- How can I better incorporate primary sources into my class?
- How am I going to teach the skill of primary source analysis?
Well, the most obvious thing is this: I need to make it a priority. I need to build it regularly into my lessons, and I need to incorporate it into assessments. So that suggests two rules:
- Do primary source reading, analysis, and discussion in at least every other class
- No major assessment that does not include primary source analysis in some way
Of course, those will be hard to follow, but at least they'll provide some guidance. What follows from them?
First, I need good primary sources for every unit. This shouldn't be too difficult. I've been teaching for years and have built up a pretty good store of documents by now.
But second, I need to use them effectively. Here I turn to a recent article in The History Teacher, "Recognizing and Addressing the Barriers to Adolescents' 'Reading Like Historians,'" by Jeffery Nokes. There's a lot there, and it's worth reading the whole thing if you can find it. Here I'm just going to put down a few key points that I pulled out of it:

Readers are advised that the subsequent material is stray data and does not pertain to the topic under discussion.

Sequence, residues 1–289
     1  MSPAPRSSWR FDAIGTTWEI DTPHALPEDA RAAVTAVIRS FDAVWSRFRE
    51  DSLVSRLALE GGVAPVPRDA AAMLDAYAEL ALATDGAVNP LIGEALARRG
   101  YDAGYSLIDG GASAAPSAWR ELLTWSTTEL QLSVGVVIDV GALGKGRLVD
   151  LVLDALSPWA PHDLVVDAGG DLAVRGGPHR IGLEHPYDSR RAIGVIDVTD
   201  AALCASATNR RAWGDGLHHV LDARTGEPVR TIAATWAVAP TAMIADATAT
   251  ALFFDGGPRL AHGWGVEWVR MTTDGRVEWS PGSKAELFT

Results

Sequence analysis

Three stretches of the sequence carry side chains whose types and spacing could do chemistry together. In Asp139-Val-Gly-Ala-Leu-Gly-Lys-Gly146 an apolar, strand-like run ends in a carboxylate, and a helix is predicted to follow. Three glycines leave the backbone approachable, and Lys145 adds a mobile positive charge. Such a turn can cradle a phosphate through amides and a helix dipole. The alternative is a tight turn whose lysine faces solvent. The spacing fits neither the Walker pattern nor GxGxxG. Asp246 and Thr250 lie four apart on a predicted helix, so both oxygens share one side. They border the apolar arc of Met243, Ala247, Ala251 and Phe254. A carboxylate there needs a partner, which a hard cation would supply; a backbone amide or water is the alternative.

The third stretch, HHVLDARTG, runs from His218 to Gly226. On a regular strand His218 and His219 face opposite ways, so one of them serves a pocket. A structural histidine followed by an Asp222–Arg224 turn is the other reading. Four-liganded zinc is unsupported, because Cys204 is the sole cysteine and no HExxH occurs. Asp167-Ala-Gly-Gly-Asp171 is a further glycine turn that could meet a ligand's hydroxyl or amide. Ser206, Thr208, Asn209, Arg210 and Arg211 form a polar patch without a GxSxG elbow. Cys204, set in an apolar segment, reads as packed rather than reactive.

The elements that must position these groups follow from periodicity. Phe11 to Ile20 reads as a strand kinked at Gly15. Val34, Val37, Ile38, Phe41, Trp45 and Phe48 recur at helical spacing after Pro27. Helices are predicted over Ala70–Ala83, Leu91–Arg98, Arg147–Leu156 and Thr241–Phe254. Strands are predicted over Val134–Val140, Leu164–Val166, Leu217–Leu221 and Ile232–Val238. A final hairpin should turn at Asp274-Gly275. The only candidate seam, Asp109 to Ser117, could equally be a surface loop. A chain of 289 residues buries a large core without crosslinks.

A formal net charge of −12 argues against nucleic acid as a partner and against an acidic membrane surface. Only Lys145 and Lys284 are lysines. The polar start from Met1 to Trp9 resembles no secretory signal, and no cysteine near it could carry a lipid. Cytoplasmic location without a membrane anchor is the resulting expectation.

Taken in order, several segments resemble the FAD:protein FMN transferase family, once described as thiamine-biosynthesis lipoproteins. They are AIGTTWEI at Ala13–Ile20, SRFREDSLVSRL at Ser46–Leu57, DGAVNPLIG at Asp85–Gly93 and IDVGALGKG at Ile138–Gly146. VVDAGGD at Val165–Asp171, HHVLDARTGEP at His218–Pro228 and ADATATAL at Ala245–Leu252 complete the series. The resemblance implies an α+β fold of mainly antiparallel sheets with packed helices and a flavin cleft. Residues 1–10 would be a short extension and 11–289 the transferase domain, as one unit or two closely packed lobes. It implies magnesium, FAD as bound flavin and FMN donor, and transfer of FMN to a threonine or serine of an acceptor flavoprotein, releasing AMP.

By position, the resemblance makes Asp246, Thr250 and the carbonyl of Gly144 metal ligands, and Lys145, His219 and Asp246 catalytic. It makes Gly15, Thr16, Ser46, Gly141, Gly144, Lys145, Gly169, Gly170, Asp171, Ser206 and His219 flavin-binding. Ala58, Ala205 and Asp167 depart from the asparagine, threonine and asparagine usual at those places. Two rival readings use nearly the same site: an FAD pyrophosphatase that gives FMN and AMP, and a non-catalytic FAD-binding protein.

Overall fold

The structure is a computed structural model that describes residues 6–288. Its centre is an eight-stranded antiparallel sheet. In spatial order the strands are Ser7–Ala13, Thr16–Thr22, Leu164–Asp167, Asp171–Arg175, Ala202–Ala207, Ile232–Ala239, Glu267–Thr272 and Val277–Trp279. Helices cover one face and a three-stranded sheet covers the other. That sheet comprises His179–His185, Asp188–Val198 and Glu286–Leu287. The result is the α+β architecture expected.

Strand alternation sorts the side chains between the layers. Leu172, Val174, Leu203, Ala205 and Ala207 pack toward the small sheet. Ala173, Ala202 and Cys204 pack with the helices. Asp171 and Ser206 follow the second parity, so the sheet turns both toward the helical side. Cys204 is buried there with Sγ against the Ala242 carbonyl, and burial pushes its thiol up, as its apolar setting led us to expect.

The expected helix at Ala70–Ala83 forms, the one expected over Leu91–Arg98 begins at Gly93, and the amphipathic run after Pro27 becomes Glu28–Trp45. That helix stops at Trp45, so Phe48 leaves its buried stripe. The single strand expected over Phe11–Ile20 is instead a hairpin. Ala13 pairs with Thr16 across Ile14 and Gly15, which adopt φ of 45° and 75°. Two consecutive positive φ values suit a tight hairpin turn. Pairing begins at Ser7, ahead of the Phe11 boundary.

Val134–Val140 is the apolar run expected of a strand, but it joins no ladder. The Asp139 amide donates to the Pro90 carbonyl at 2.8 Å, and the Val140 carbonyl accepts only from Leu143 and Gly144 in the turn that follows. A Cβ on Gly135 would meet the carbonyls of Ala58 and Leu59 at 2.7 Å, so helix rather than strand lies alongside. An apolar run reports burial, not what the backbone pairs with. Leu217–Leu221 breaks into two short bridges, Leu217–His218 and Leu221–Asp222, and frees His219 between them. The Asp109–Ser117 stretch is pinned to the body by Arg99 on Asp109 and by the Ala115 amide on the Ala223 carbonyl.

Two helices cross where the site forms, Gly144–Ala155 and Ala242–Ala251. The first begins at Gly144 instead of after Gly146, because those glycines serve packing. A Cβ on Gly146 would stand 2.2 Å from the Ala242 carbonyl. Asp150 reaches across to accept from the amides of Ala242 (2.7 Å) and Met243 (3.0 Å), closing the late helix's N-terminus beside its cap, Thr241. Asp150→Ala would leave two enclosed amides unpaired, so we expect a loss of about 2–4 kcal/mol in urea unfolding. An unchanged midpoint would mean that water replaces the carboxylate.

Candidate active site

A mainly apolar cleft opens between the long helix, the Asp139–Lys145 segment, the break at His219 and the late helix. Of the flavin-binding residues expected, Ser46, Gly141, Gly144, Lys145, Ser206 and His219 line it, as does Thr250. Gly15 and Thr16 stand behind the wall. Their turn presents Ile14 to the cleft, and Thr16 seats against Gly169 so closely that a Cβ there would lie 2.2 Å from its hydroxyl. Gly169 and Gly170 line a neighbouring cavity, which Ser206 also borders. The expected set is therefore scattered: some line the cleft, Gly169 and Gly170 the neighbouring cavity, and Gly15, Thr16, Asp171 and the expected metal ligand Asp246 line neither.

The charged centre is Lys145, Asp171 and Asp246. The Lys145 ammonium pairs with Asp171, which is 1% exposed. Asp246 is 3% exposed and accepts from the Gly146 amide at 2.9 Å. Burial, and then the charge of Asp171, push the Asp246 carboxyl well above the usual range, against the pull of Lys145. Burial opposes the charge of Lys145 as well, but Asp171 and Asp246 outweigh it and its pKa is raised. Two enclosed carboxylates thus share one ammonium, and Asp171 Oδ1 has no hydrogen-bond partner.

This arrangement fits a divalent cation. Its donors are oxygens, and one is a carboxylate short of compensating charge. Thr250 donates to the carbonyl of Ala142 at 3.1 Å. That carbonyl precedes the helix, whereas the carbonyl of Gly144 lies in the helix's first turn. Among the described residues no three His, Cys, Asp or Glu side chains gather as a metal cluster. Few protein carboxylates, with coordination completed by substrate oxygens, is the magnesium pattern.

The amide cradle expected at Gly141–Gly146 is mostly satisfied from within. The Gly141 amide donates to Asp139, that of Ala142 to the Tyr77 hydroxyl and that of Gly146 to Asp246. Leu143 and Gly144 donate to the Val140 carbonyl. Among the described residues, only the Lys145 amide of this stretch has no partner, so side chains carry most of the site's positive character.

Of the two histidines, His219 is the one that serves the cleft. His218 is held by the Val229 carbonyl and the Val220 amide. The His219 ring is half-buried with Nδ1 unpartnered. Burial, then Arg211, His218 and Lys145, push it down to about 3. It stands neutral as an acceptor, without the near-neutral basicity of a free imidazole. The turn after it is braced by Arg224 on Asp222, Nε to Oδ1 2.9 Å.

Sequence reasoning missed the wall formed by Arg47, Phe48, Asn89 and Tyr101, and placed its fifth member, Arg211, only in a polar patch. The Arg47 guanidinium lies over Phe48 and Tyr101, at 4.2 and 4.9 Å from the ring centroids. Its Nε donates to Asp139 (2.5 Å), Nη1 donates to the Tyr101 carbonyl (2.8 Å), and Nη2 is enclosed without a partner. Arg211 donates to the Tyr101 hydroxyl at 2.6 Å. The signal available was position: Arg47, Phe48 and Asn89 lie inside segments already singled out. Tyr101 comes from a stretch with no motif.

- Explicitly teach students about the nature of history, and how historians go about their work. This means making sure students understand that "History is not the record of the past; it is the argument about the past." It means making students explicitly aware of historians' arguments, and how they resolve them (or try to).
- Model the analysis of primary sources: I need to explicitly teach the process, show how I do it, and continually remind students (maybe even post a summary of the steps for analyzing primary sources on a classroom wall!)
- Choose texts that contradict each other and/or that tap into real historiographical questions. This just reenforces the point that students need to know historians' debates.
- When necessary, provide students with additional secondary background reading
- Use reciprocal teaching to help improve student comprehension of texts.
- Use graphic organizers or other strategies to help students synthesize multiple texts. I particularly like the idea of having the students read one text and summarize it, read another text and summarize both of them, read another and summarize all three, and so on. I-Charts also look promising.
- Make sure to include analysis of primary sources into assessments
As I said, there's more, and more detail, in the article, but that's plenty to start with.
So I need to start the school year by explicitly teaching the process of analyzing primary sources. Then I need to do it regularly in class, using classes that effectively require students to use those techniques I've taught. I need to provide support, particularly early on, through strategies and structures like reciprocal teaching and I-Charts. Finally, I need to include primary source analysis in assessments on a regular basis.